A New Jersey appeals court recently ruled that a disbarred attorney cannot sue his former attorney for malpractice in connection with a fee dispute. In an unpublished opinion in the case of Schildiner v. Toscano, the Appellate Division upheld a decision from the Essex County Superior Court dismissing the lawsuit filed by the disbarred lawyer (“Lawyer”), against the firm he hired, (“Law Firm”).
As reported by the New Jersey Law Journal (subscription required), the retainer dispute stemmed from Law Firm’s representation of Lawyer, who was disbarred by consent in January 2013 after a random audit by the Office of Attorney Ethics concluded he had knowingly misappropriated trust account funds, according to the Office of Attorney Ethics’ 2013 annual report. After Lawyer was disbarred, the case was referred to the Bergen County Prosecutor’s Office, and he retained Law Firm as his defense lawyer in March 2013, paying a flat-fee retainer of $100,000, according to court documents.
When no charges were brought, Lawyer asked Law Firm for his money back. Law Firm refused, prompting Lawyer to file suit in Essex County Superior Court. Lawyer sued Law Firm for malpractice and breach of fiduciary duty, seeking a return of the fees he paid to the firm, along with attorney’s fees and costs which may be awarded to a successful legal malpractice plaintiff in New Jersey (known as “Saffer fees and costs”).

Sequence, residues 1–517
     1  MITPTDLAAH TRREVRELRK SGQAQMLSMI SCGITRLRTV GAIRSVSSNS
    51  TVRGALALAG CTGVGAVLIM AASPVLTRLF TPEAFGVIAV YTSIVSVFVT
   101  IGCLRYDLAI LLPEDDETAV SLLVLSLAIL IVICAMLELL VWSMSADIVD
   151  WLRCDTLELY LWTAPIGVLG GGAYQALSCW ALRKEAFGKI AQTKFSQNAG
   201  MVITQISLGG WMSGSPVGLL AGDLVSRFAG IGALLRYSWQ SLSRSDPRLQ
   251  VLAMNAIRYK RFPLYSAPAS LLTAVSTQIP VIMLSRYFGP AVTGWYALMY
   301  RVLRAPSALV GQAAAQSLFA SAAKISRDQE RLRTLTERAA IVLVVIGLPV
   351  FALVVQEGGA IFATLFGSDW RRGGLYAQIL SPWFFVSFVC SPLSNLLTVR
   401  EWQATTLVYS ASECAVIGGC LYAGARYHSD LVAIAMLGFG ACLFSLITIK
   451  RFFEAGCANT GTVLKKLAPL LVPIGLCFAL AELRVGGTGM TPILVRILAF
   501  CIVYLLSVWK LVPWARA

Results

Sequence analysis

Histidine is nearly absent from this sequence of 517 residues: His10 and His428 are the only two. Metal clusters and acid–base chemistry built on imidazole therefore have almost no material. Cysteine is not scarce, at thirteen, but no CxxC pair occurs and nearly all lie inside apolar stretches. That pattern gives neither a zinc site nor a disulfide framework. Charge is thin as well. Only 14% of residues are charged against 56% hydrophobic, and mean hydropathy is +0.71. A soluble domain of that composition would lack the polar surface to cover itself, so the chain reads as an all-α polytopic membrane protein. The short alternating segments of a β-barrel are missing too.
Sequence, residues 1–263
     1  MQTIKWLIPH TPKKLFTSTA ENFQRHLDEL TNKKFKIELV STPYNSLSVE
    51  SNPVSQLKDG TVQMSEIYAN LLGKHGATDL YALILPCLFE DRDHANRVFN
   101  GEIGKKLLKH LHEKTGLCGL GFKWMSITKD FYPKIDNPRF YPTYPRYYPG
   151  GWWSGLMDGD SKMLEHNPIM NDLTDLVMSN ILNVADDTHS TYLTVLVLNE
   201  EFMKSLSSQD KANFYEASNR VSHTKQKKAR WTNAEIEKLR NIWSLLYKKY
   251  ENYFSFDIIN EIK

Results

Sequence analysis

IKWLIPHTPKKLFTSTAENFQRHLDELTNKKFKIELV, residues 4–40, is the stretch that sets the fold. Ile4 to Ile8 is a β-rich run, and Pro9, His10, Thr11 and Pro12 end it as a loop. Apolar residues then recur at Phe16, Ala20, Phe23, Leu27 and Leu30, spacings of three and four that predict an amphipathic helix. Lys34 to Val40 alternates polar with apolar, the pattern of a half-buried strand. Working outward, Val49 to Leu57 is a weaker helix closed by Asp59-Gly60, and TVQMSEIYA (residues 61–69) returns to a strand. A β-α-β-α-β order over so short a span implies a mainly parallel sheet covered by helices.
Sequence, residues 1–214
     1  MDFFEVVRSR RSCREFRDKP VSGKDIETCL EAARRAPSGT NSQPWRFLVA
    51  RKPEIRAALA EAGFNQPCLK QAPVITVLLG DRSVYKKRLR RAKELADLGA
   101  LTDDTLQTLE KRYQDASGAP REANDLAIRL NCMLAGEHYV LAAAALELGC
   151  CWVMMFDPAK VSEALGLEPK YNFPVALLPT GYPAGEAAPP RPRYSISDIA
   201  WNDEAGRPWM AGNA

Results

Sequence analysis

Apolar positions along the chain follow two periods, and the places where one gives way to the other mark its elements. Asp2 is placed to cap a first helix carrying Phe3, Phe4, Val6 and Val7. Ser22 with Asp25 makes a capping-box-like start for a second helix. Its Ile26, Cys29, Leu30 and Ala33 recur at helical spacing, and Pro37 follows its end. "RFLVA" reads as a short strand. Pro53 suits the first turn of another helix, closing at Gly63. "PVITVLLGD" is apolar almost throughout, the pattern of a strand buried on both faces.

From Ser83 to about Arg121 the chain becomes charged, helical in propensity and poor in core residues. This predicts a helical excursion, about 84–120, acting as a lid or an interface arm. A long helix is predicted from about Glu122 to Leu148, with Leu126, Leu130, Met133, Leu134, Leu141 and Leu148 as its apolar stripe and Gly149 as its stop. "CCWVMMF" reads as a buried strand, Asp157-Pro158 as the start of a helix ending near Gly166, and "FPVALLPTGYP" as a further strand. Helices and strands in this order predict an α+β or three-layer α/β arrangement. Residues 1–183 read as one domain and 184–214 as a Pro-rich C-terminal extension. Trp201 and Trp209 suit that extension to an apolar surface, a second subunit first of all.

“Defendants did not commit malpractice,” the panel said. “Because this is merely a fee dispute, defendants did not breach a fiduciary duty.”
Although attorney’s fees that a client paid to a lawyer are properly recoverable damages in a malpractice case, the opinion holds that a pure fee dispute – with no other damages – cannot be the only basis of a malpractice case. While the opinion is unpublished and therefore not binding on other courts in New Jersey, it is still persuasive authority to support dismissal under the right circumstances. It is not uncommon for clients to assert malpractice in connection with a fee dispute, either by affirmative claim or by counterclaim in the lawyer’s collection action. If nothing more than the amount of fees is at stake, this opinion provides a basis for dismissal of the malpractice claim, and avoidance of the onerous Saffer fees and costs associated with a malpractice claim in New Jersey.